The assumption about cycling in Italy is that the terrain will be hilly. This is not the case in Apulia, whose gentle rolling farmland is an ideal introduction to cycling and Italy. To arrive in the magical trullo region is like spinning into a fairyland of white conical dwellings, huge gnarled olive trees and miles of ancient stone walls. The warm and generous Pugliese people produce a culinary repertoire of abundant vegetables, pasta, bread and seafood, sure to satisfy even the hungriest cyclist.
A highly recommended route begins in Polignano a Mare, a charming whitewashed village overlooking the Adriatic just south of Bari. From Polignano head inland and stop at the Castellana Grottos, considered the deepest caverns in Italy. Then cycle towards Alberobello, famous for its picture-perfect narrow streets and hundreds of beehive-like trullo dwellings (pictured at left). Alberobello is the perfect base for several glorious loop rides to some of the most beautiful towns in southern Italy.
Your first loop should be to Martina Franca and Locorotondo, the latter a stunning circular village known for its excellent white wine. On loop two, stay in Ostuni, a charming hamlet whose whitewashed arches and houses are neatly piled like sugar cubes on hills rich in olive groves and vineyards. From here you can visit Alberobello and head south, past ancient olive groves and along the Adriatic to the Greek ruins of Egnazia.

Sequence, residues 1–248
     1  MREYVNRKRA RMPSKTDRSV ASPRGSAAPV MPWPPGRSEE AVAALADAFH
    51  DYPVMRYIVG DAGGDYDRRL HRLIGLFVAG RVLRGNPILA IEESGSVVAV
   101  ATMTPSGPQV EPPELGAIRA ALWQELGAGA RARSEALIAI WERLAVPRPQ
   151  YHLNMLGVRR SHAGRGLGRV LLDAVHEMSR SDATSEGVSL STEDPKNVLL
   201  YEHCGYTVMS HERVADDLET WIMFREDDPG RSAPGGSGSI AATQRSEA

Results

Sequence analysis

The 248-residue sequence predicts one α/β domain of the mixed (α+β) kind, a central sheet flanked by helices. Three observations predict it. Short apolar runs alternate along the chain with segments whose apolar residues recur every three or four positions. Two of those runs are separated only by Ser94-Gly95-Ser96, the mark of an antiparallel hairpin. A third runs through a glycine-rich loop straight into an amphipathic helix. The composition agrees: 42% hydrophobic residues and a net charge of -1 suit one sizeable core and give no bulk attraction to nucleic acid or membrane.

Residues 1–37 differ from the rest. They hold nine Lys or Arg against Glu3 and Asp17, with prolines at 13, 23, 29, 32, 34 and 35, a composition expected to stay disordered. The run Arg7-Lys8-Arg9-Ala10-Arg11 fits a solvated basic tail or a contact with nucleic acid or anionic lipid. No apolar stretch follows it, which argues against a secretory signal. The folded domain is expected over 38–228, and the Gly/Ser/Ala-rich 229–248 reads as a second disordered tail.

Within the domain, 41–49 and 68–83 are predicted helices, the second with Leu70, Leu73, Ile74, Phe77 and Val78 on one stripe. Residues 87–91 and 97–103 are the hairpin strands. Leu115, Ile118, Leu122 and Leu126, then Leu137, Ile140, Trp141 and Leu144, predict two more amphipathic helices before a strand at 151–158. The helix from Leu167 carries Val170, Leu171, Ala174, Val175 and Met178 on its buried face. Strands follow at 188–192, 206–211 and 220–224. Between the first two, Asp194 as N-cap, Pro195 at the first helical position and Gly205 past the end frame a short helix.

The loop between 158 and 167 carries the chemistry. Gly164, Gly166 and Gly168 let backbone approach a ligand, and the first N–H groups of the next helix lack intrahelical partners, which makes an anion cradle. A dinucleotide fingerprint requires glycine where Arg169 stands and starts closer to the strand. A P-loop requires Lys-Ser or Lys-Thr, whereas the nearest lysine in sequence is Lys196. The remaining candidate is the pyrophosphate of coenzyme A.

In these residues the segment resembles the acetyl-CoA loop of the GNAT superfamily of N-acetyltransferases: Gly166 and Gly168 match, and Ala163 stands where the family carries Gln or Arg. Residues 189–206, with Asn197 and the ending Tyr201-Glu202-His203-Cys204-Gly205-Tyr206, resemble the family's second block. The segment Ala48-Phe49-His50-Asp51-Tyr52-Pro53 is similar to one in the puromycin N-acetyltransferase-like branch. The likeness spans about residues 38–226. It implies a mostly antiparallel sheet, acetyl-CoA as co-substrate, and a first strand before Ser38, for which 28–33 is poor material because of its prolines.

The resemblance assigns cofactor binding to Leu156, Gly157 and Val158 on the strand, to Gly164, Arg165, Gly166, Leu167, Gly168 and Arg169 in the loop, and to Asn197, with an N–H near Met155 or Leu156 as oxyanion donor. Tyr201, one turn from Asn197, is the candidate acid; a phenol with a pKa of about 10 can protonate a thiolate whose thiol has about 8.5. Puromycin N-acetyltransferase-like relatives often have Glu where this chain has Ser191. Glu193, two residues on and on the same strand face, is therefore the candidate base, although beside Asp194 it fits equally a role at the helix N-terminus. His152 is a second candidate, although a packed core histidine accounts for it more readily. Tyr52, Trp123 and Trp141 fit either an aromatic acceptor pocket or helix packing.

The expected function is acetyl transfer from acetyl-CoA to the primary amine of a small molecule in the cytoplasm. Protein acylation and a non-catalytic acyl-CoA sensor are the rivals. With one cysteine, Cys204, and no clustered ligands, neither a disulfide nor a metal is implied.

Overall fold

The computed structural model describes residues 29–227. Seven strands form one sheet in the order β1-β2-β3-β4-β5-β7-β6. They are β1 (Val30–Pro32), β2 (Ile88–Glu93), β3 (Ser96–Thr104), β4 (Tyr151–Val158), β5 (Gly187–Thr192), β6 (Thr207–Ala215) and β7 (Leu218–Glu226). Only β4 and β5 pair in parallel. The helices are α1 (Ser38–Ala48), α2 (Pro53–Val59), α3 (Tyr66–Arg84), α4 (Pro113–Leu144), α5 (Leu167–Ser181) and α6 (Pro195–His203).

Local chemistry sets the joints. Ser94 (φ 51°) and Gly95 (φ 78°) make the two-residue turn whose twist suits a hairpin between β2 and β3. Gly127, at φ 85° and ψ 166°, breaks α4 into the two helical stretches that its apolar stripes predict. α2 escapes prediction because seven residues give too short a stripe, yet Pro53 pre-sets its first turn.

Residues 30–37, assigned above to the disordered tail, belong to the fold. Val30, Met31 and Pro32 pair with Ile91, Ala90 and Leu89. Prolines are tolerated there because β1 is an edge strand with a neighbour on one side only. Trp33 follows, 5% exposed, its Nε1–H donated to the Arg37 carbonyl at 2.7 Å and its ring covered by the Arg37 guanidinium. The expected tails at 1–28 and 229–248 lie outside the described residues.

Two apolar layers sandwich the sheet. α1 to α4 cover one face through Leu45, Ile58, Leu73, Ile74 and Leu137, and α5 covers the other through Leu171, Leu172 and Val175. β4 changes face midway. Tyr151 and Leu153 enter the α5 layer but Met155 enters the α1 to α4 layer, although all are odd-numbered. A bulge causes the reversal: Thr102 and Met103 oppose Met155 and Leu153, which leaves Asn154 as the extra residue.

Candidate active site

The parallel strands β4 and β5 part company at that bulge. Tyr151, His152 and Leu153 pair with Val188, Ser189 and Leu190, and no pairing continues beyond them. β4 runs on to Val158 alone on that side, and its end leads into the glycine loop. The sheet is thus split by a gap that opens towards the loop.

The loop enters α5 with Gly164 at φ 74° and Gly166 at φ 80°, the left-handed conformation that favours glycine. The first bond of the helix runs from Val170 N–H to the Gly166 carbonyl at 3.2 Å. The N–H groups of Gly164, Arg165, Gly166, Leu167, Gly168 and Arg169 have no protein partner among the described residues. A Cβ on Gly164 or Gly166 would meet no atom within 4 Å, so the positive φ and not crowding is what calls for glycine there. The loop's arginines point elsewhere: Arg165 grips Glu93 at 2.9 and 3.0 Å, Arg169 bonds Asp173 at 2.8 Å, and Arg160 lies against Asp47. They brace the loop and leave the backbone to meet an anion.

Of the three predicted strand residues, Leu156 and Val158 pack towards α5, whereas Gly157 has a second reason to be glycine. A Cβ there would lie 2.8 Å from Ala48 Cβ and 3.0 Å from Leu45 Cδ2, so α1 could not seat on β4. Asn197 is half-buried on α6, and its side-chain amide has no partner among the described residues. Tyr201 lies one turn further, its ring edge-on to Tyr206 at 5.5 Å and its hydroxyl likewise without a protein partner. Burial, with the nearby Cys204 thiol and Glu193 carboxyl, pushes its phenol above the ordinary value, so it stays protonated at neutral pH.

Summers can be very hot and crowded in Apulia, so the best times for cycling are in April or May, when temperatures are perfect and the entire region is in full bloom, or September through early October, during la vendemmia (grape harvest). Cyclists will love the tiny roads that sometimes seem like bike paths. The only problem is that many of these roads are not on maps so it can be a bit of a maze; cyclists should bring a compass and be ready to explore. Luckily, the outgoing and friendly Pugliese people will always point you in the right direction!